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safely lodge you in the embraces of the Saviour. When they have laid your body in the grave, they will be solaced by sweet hopes that your soul is with the redeemed of the Lord, and is waiting to hail them on their deliverance from earth. Are you unaffected by this motive? pretend not then to the sacred name of friendship or affection.
4. Finally, this subject teaches us in the strongest manner, the barbarity and cruelty of the infidel, who endeavours to shake our faith in the principles of Christianity. We have seen that our sweetest joys and firmest supports are derived from this religion, and that the prospects which it presents to us can alone uphold us in those hours of dereliction and distress, when we weep over the lifeless corpses of our friends and relatives. Even then, if Christianity, which is eternal truth, which we can prove to be eternal truth: even, however, if it were only a solemn cheat, would it not be the most inhuman of acts to deprive the believer of that happy delusion, without which nature is comfortless, the world melancholy, and death terrible? Would it not be brutal to disturb us in our sweet dream, if we were in a dream, and designedly awake us to truth and sorrow? Would it not be base and unfeeling to rob us of our truest peace, of our prospects for eternity, of our hope of an immortal union to our departed friends ?
Go, go, cruel infidel! Why will you attempt to deprive me of the joy of my heart; to rifle my bosom of its felicity; and to persuade me that there is no futurity, no redeeming love, no immortality for me to enjoy with God and in the society of the pious ? Go, barbarous man! enjoy your guilt and gloom alone; breathe out your wretchedness in solitude
and the desert, and infect not the world with the poison of your principles ! Go, herd with the brutes, whose death you are willing to die; but curse me not with your tenets, kill me not with your sentiments! O tear not from me my God and my Saviour, the only rock I find to rest on; tell me not, that the cords which tie my soul to my friends must in a little time be irretrievably snapt in sunder; and if they and myself are to be annihilated, do not, oh! do not push us down the precipice of destruction before our time!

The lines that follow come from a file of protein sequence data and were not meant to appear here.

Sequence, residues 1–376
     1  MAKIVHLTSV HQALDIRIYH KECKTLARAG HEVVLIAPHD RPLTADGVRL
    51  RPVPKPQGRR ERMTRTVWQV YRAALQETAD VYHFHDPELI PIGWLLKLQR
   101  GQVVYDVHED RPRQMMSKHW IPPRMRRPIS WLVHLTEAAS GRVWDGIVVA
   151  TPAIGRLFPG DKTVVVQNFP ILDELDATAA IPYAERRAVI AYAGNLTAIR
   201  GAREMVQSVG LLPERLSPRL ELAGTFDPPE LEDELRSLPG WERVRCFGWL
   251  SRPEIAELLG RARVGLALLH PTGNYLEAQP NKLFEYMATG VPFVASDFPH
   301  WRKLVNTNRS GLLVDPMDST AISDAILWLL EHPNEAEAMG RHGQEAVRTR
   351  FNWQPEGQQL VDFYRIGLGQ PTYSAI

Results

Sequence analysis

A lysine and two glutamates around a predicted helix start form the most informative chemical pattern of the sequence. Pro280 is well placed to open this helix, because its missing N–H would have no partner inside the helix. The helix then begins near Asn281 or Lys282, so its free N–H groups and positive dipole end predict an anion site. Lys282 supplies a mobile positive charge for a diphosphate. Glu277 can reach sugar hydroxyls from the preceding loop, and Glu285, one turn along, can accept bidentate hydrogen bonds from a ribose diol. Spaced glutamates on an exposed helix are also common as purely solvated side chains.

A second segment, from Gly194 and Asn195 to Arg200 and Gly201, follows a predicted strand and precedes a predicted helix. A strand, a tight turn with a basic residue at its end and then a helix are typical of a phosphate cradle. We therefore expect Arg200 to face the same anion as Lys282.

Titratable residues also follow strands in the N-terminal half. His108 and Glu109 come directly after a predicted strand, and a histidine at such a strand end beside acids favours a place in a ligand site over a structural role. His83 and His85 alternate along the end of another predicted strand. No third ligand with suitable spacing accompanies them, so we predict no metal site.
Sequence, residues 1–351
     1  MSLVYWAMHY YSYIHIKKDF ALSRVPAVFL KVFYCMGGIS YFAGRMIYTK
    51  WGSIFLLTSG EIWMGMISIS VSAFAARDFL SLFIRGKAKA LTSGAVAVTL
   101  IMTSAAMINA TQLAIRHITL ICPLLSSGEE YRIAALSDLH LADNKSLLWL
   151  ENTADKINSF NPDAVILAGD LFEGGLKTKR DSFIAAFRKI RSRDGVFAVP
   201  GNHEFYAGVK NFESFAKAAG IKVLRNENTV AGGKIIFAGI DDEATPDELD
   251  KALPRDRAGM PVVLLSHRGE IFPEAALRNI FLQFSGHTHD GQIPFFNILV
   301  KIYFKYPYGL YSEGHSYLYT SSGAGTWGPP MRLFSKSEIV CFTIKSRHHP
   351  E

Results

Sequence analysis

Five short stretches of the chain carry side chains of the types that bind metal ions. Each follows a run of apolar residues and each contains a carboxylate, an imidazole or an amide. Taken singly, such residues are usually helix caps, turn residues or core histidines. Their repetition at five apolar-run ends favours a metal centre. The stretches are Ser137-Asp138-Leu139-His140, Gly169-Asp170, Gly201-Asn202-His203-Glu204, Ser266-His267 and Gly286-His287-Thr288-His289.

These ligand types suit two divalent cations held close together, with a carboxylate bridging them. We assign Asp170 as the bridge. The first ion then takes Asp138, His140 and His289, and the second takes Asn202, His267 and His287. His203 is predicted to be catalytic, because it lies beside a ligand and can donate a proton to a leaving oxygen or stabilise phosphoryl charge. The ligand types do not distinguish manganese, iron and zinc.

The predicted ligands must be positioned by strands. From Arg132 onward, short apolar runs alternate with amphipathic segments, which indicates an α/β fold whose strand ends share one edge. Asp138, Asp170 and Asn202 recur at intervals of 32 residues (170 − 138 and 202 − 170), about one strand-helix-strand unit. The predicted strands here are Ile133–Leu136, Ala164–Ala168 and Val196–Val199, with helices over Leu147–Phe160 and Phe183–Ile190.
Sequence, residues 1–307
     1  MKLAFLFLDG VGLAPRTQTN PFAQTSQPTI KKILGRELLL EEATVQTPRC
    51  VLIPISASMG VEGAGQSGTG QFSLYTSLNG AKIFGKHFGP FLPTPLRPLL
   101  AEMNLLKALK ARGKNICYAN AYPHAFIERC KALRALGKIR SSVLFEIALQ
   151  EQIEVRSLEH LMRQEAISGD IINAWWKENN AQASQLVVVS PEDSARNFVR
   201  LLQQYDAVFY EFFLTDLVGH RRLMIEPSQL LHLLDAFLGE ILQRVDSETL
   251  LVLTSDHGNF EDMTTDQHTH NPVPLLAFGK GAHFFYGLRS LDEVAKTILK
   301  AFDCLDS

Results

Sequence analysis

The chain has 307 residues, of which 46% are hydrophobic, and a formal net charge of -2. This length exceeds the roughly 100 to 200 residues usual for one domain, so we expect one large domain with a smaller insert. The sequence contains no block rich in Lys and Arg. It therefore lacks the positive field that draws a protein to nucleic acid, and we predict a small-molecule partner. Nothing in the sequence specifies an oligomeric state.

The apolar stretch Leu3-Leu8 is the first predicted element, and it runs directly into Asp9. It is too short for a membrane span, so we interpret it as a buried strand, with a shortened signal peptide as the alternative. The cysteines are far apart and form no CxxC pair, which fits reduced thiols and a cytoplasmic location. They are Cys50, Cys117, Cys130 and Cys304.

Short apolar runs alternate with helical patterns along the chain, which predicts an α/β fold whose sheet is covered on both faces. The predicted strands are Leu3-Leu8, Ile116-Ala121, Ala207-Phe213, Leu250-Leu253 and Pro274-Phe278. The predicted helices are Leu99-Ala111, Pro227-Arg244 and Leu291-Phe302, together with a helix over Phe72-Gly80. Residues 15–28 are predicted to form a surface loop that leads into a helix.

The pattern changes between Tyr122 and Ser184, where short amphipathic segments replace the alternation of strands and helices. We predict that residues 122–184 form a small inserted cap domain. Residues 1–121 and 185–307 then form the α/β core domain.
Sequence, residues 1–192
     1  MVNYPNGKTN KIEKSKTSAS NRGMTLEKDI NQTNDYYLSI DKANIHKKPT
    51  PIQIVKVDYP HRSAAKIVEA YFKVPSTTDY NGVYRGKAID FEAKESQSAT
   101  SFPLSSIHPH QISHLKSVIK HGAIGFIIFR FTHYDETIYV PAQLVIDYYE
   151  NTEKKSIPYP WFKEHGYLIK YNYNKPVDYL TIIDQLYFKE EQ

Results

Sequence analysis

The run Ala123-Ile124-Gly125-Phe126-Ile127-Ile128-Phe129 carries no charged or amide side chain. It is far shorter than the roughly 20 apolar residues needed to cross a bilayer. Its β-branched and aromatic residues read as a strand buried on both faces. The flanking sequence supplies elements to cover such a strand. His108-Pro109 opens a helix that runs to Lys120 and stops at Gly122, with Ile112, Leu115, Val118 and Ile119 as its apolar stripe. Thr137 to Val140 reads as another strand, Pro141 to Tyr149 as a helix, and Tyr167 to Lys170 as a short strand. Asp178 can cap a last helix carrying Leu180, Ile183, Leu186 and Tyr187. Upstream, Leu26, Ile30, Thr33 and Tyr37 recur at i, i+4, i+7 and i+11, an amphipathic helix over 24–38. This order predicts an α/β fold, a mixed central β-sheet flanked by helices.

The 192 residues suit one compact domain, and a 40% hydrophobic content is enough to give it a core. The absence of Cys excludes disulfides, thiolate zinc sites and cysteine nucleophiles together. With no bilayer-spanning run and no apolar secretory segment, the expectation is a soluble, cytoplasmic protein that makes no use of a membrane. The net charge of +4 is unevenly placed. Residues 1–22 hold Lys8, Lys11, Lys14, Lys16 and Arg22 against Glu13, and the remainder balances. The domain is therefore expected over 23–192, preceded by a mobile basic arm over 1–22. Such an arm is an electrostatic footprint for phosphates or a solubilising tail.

But thou, when thou prayest, enter into thy closet ; and
when thou hast shut thy door, pray to thy Father who is in secret ; and thy Father, who seeth in secret, shall reward thee openly.
What nation has ever existed, so savage; what form of religion has ever been heard of, so corrupted; as not to acknowledge the necessity of prayer? Reason, feeling, and revelation, concur to teach us the obligation to this duty. Can we think of our situation, exposed to calamities which we cannot avert, polluted by sins which we cannot expiate, tyrannized by passions which we cannot subdue; and not confess that it is both our duty and our privilege to implore the aid of the Almighty and AllMerciful ? Can we recollect in what manner we are related to God, as creatures to their Creator, as subjects to their Ruler, as the receivers of countless and unmerited mercies to their Benefactor, as accountable creatures to their Judge; and not feel that prayer is an act of homage due unto him, and that by it we ought to acknowledge his sovereignty, hiš providence, his goodness, and our dependence ? Can we remember that we are soon to pass into the eternal world, and not be found in the exercise of devotion which, by now connecting earth and heaven, and removing that alienation and distance from God, in which we were as sinners, prepares us for his immediate presence ?